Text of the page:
V. Bloom, J. Breeze, M. Collins, A. Johnson


culture to emphasize the continued valency of such symbolism. The Cuban writer, Antonio Benitez-Rojo, in The Repeating Island: The Caribbean and the Postmodern Perspective, argues for the use of chaos theory as an eective model for interpreting Caribbean culture as a series of minutely patterned repetitions and rehearsals. Space does not permit me to do more than note the gendered implications of his arguments by drawing attention to the way in which the black woman functions powerfully in the epiphanic moment when Benitez-Rojo recognizes the pattern, the certain kind of way, which characterizes the postmodern-ness of his Caribbean: I can isolate with frightening exactitude like the hero of Sartres novel the moment at which I reached the age of reason. It was a stunning October afternoon, years ago, when the atomization of the meta-archipelago under the dread umbrella of nuclear catastrophe seemed imminent. [. . .] While the state bureaucracy searched for news o the shortwave or hid behind ocial speeches and communiqus, two old black women passed in a certain kind of way beneath my balcony. I cannot describe this certain kind of way; I will say only that there was a kind of ancient and golden powder between their gnarled legs, a scent of basil and mint in their dress, a symbolic, ritual wisdom in their gesture and their gay chatter. I knew at once that there would be no apocalypse. The swords and the angels and the beasts and the trumpets and the breaking of the last seal were not going to come, for the simple reason that the Caribbean is not an apocalyptic world; it is not a phallic world in pursuit of the vertical desires of ejaculation and castration.20 In the Martiniquan Patrick Chamoiseaus Childhood, the powerful gure of Ma Ninotte exudes a similar physical presence and verbal power: Ma Ninotte then dropped her laundry, inspired as all get-out; hands on her hips, concentrating on the reach of her voice, she entered into a truly resounding serenade. [. . .] Nothing could stop her anymore, she forgot everything, preoccupied solely with defeating whoeverd had the nerve to challenge her by means of the unquestionable breadth of her repertory, the imperial resources of her voice, the cavernous echoes of her chest. Soon the adversary stopped. Silence.21 In Creolite Bites: A Conversation with Patrick Chamoiseau, Raphael Conant and Jean Bernab, the question, posed by Lucien Taylor, What about gender in all this? And the criticism that your novels dont give very empowering roles to women, elicits this sharp response from Chamoiseau: But thats simply how Creole women are. I refuse to budge before this criticism. Those who make it presume that literature is simply an intellectual discourse about a culture; they forget that its also a way of bearing witness to that culture, a form of testimony. We cant plaster feminist principles over our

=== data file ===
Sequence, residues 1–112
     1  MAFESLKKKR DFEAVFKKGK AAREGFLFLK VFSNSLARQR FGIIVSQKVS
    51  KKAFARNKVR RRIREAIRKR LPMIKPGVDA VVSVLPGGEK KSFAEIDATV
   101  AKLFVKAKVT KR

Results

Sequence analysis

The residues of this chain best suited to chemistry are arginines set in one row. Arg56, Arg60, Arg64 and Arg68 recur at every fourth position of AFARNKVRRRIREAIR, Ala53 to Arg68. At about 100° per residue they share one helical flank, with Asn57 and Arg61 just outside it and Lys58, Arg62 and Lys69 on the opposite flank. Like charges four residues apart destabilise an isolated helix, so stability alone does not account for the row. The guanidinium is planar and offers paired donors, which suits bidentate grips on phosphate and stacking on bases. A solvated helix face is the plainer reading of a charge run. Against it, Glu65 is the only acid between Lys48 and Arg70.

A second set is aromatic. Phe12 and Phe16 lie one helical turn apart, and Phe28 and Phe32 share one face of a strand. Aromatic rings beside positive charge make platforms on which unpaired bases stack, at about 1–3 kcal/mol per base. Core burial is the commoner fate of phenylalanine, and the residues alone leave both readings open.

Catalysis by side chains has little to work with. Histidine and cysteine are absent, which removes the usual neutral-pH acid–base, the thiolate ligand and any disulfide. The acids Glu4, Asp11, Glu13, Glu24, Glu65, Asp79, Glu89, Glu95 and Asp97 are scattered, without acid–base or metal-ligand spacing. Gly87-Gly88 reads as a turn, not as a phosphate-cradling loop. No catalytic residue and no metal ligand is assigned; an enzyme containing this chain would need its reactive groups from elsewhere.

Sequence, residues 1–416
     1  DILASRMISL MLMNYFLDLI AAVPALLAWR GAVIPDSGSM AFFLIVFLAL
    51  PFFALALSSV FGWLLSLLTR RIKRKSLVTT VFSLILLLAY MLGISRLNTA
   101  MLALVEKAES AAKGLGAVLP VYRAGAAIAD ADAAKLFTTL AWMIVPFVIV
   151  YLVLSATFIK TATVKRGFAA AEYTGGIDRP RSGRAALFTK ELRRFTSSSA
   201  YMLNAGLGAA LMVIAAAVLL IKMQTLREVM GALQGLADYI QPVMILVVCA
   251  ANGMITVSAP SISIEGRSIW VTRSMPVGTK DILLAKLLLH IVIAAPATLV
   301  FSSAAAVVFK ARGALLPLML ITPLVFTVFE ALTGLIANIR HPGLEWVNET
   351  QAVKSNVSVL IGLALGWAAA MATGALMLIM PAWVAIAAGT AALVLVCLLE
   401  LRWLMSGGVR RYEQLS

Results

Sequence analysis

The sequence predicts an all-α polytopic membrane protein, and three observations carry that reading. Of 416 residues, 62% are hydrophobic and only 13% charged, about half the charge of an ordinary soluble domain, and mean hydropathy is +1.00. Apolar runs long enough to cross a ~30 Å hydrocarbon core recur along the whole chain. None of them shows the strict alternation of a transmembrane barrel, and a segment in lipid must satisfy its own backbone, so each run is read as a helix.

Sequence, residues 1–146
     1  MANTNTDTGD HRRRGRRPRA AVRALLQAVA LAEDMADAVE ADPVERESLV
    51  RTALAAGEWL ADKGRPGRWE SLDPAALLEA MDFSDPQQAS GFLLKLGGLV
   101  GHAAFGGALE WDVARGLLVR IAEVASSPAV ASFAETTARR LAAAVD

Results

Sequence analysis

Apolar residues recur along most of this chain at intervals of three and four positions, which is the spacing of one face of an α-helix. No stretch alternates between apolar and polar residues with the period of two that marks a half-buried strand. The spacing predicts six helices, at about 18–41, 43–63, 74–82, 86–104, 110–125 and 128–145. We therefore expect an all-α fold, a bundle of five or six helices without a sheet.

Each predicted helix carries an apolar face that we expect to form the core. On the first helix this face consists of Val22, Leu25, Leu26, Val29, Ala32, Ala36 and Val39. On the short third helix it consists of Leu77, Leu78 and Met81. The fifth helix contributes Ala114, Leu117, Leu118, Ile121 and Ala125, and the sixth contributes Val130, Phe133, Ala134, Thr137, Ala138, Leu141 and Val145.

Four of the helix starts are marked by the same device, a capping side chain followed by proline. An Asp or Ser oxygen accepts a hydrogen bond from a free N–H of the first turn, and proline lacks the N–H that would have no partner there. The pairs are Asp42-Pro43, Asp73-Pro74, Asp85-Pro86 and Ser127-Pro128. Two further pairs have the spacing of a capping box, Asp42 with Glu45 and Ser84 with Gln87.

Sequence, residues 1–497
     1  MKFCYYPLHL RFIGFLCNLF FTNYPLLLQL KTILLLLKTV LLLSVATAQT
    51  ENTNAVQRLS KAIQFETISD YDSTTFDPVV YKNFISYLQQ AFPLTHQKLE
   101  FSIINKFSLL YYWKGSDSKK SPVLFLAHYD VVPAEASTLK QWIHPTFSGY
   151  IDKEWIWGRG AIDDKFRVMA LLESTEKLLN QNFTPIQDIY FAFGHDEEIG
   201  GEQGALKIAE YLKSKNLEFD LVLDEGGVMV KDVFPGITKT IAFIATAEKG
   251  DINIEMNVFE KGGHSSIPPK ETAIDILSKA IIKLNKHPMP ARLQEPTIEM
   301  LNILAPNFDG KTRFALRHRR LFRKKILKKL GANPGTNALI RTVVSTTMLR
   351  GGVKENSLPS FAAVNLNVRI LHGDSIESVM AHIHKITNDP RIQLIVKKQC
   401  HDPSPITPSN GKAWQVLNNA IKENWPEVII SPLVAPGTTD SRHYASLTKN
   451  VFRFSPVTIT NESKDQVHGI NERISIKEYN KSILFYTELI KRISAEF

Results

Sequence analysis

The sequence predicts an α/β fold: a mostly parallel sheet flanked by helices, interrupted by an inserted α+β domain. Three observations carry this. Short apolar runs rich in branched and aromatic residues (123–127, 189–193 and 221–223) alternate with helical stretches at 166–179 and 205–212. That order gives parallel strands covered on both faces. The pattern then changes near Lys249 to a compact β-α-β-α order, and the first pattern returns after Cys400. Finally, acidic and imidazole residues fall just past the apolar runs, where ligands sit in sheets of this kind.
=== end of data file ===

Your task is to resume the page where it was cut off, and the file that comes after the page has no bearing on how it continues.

96 Contemporary Caribbean Womens Poetry narratives just to look good in the eyes of the great feminist discourses still in fashion in the West. [My emphasis]22 Derek Walcott, despite the high praise he accords to Chamoiseaus Texaco,23 does not appear to be seduced by the all-consuming power of the Creole woman as articulated in Creolite. And, where the submerged mother-gure in Brathwaites poetics provides access to the past and to multiple textual possibilities (for him, as writer), Walcott dismisses the maternal as naively escapist nostalgia: The West Indian mind historically hungover, exhausted, prefers to take its revenge in nostalgia, to narrow its eyelids in a schizophrenic daydream of an Eden that existed before its exile. Its xation is for the breasts of a nourishing mother, and this is true not only of the generation of slaves children but of those brought here through indigence or necessity, in fact, through the threat of hunger.24 By way of comparison, this chapter will now shift its focus away from the possibilities, or limitations, represented by the mother-gure to explore a text which places the black man centre page and stage. If, as argued in the previous chapter, the debate over Creole-use became centred on how to behave on paper, then the discussion, for the purpose of this chapter, might best be characterized as how to behave on stage.

How to behave on stage: poetry with attitude?